By David Casullo, President

Back in December, I needed to come up with a few more good personal stories for a speech I was preparing related to Leading the High-Energy Culture, my book that was published a few months ago. Luckily for me, I work for Suzanne Bates, who is an absolute master when it comes to helping leaders developing stories for speeches.  We sat down and talked through three different powerful experiences that I went through as a leader.

The process was amazing. Suzanne peppered me with questions about each experience, drilling into the details of exactly what happened, who was involved, and what my thoughts and emotions were as I went through each step of the story.  To my amazement, I started remembering things that I hadn’t thought about for years.  By “writing out loud” with Suzanne, I was able relive the experiences and look at them with a completely different perspective based on the leader I’ve become today.

The process forced me to understand very deeply what I had really learned as a leader from those intense experiences as well as how I can connect those lessons to the challenges that my important audiences face today.  This is a must-have skill in leadership communication.

This “story development session” energized me greatly.  It made me realize that a leader’s mind is like a locked treasure chest: Most of us don’t realize that we possess real riches in the form of personal and professional stories.  With the help of a skilled facilitator, you can access that great raw material and learn how to polish it and place it in the right setting.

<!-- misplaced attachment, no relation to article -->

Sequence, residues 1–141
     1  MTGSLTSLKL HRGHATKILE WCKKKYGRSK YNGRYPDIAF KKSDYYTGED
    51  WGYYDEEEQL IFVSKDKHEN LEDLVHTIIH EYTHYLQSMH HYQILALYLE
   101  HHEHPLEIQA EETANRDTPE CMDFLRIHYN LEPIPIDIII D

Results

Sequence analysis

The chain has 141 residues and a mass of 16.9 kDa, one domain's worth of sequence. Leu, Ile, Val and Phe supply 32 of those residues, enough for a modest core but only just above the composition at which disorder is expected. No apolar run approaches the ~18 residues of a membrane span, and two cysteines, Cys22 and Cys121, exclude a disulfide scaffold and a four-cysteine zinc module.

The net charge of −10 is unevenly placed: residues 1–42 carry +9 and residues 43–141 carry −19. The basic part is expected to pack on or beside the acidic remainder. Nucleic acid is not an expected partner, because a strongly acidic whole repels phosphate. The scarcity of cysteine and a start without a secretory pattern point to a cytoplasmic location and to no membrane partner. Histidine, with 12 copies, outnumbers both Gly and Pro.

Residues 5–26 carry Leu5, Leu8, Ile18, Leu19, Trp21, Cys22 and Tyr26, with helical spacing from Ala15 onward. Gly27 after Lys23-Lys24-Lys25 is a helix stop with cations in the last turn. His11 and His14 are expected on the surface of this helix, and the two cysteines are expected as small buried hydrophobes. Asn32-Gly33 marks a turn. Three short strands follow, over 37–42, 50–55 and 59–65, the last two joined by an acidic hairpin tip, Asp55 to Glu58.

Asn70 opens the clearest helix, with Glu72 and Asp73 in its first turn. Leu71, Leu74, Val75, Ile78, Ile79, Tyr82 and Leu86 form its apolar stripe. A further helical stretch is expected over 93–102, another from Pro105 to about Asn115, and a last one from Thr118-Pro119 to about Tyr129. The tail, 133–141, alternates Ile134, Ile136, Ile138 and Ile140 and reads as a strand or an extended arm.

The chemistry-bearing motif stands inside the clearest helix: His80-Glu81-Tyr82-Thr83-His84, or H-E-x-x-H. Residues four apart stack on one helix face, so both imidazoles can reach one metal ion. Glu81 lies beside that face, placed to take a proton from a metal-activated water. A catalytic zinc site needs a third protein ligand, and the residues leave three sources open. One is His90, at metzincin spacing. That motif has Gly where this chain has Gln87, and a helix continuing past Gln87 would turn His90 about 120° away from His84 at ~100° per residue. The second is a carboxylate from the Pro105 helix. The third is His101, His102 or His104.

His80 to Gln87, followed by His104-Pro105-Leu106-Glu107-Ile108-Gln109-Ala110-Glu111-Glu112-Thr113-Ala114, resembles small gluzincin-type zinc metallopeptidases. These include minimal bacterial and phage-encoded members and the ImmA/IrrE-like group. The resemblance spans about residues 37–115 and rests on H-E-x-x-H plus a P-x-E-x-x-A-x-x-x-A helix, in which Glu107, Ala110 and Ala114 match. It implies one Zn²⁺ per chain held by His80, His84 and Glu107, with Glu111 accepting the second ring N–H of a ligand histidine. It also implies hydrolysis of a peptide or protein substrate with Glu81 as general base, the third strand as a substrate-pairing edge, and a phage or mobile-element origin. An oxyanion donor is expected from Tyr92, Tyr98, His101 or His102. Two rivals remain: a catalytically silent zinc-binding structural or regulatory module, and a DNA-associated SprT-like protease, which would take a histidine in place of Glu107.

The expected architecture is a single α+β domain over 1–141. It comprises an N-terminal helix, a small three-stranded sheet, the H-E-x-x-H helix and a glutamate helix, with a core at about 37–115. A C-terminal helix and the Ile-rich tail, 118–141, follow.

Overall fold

That’s exactly what Suzanne did with me.  With expert questioning, she brought me back into the moment of the story.  She led me to share much more information than the story would ever need… and then she proceeded to sift through it all, plucking out the most crucial nuggets to build three different structured, on-point, three-minute stories.

While those stories were a big hit when I gave that speech, the real payoff was more profound than that for me.  As a business leader, I’m sorting through complexity and making difficult decisions constantly—just as you are.  But since I worked on developing those stories, I’ve been excited to see the connections between those past experiences and my current challenges as a leader.  Suddenly, I’ll think “Hey, this is just like that!”  I’ve been able to apply those lessons to the new challenges that come up every day.

As a leader, you’ve lived a lifetime of powerful experiences that made you who you are today.   When it comes to leadership communication, those experiences can be turned into stories that will not only inspire your important audiences—they can be used to remind you of the values, behaviors, and decisions that you made in the past—and that just might prove applicable to the challenges you face in the present. 




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